LOS ANGELES -- Is your teen a couch potato? A new study suggests the family dog might be able to help.
Researchers had 618 kids ranging from 12 to 16 wear accelerometers for a week to measure their physical activity. Half the families had dogs and half did not.
The study showed the kids in families with dogs got 32.1 minutes of moderate to vigorous exercise per day, while those without dogs got 29.5 minutes. The difference isn't much, but lead author John R. Sirard said it's big enough to suggest more study be done.
Parents of the teens also wore the lightweight devices, but the difference in activity levels between adults in the two groups was nonexistent, Sirard said, suggesting the kids might have been the ones taking the dogs out. The families were not asked who cared for the dogs.
The study, done at the University of Minnesota, was one of the first to examine the relationship between adolescents and dogs. Sirard, a professor at the University of Virginia in Charlottesville, said the research didn't take into account the size or breed of the dog, the safety of the neighborhoods where the families lived or the level of attachment the kids had to the pets.
It's also possible that more active families were the ones that decided to get dogs in the first place, he said.
The study was funded by the National Cancer Institute, which is part of the National Institutes of Health. Results appear in the March issue of the American Journal of Preventive Medicine.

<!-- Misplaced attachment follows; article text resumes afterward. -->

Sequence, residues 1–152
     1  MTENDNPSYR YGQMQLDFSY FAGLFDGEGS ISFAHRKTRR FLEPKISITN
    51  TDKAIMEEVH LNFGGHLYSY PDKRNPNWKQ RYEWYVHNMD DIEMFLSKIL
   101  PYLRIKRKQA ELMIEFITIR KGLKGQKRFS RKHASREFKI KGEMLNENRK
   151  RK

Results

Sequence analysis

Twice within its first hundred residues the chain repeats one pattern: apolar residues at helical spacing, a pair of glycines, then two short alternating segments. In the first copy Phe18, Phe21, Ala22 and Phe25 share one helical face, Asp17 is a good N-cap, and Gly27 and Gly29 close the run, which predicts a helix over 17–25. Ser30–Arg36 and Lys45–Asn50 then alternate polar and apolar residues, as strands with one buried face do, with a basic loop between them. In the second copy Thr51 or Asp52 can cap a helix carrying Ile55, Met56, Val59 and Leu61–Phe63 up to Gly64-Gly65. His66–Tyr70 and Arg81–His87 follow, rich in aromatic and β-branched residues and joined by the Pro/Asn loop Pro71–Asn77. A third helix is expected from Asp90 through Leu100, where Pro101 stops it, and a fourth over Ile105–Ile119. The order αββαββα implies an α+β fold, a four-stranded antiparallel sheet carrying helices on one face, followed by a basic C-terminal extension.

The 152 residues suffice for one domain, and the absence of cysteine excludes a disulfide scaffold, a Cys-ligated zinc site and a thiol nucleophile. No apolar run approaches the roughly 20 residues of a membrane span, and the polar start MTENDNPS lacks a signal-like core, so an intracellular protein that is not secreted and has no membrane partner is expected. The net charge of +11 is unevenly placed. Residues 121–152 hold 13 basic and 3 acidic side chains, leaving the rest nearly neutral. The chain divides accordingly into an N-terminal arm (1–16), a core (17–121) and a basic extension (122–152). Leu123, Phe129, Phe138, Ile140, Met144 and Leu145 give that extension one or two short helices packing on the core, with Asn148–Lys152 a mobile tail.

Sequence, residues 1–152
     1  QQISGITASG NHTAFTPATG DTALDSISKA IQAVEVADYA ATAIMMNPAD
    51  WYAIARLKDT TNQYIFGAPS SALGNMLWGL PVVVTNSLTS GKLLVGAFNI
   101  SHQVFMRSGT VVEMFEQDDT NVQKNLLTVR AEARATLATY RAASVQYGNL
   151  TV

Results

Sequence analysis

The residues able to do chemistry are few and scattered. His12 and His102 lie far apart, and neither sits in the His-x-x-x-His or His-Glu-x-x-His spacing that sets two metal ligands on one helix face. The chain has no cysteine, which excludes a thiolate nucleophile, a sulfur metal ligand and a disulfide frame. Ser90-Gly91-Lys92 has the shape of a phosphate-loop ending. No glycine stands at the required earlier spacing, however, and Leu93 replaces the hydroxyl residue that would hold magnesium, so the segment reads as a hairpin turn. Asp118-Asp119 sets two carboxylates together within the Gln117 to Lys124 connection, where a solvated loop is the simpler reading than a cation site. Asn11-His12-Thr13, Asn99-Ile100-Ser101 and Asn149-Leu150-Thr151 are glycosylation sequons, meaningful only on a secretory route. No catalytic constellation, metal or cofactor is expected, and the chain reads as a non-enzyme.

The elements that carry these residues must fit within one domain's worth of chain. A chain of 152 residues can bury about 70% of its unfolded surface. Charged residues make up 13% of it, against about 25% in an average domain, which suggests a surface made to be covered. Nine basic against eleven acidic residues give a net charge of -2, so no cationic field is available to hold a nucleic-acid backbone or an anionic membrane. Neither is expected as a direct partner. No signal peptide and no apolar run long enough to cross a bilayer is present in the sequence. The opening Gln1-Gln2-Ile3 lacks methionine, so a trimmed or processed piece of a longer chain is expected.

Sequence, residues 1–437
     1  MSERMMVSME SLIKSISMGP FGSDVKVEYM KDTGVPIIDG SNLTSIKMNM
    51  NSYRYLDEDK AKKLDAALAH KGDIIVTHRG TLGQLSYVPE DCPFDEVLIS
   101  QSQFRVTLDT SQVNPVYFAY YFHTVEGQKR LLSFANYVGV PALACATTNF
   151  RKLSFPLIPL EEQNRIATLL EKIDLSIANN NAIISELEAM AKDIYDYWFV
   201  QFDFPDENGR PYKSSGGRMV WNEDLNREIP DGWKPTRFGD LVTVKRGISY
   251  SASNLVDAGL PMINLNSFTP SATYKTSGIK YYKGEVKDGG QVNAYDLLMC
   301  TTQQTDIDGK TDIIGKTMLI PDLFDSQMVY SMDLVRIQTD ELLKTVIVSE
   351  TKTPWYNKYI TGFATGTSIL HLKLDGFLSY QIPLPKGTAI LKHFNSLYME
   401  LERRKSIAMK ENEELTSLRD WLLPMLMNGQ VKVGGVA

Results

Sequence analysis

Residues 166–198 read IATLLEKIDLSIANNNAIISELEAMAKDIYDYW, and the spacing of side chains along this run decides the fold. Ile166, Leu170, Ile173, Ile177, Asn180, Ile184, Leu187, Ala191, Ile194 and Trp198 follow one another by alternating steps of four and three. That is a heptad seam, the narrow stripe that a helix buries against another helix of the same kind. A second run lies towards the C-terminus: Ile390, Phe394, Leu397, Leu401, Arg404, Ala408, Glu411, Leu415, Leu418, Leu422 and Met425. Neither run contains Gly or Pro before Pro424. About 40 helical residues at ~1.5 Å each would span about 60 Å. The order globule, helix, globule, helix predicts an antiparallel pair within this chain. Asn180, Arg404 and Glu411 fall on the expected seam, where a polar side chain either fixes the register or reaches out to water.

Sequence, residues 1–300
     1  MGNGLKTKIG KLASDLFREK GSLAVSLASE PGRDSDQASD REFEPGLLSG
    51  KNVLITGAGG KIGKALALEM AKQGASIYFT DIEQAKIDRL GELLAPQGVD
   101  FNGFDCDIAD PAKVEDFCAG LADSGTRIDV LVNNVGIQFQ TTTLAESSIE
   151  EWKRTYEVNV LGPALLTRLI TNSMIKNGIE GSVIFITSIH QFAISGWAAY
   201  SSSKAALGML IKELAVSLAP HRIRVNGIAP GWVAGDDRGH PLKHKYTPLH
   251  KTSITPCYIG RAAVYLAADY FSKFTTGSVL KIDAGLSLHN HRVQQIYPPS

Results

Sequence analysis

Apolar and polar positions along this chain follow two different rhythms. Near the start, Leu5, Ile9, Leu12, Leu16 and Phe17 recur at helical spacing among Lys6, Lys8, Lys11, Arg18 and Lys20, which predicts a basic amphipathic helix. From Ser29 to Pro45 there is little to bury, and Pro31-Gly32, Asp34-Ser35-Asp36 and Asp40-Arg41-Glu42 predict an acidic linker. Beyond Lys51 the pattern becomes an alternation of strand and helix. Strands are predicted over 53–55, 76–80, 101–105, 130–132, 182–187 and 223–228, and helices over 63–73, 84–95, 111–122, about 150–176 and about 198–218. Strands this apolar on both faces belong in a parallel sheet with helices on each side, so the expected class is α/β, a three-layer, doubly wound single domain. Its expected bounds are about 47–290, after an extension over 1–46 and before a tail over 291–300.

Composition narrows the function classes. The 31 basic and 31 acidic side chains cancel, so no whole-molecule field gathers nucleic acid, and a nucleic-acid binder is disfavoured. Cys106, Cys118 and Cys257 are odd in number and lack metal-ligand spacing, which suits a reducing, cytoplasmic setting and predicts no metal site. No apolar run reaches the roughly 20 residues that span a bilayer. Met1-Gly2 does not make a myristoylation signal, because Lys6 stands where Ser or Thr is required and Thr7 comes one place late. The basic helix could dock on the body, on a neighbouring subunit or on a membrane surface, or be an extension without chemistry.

"I do think dogs could make a difference," said Dr. Antronette Yancey, a health services professor at the University of California, Los Angeles. "As a dog owner myself, I can say that dogs are extremely consistent prompts to get you out and walking."
Yancey, who wrote the book "Instant Recess: How to Build a Fit Nation for the 21st Century," agreed more research was needed. "Sometimes these little clues that you get from a small study can actually burgeon into something that's very meaningful," she said.
We already know a few things about the impact of pets on health, Yancey said. "We know pets are good for older people and good for lowering blood pressure and a variety of other reasons, so if they are also good for physical activity, great."
The dogs were not studied, Sirard said, so there is no way to know if less active dogs put on weight or experienced any other side effects. He hopes to follow up with a larger sample and more questions, and he might put accelerometers on the dogs as well as the humans next time.
First, he'll practice with his 3-year-old, 25-pound mixed terrier Della. The two go walking and running every morning, then his 8-year-old daughter takes care of him the rest of the time.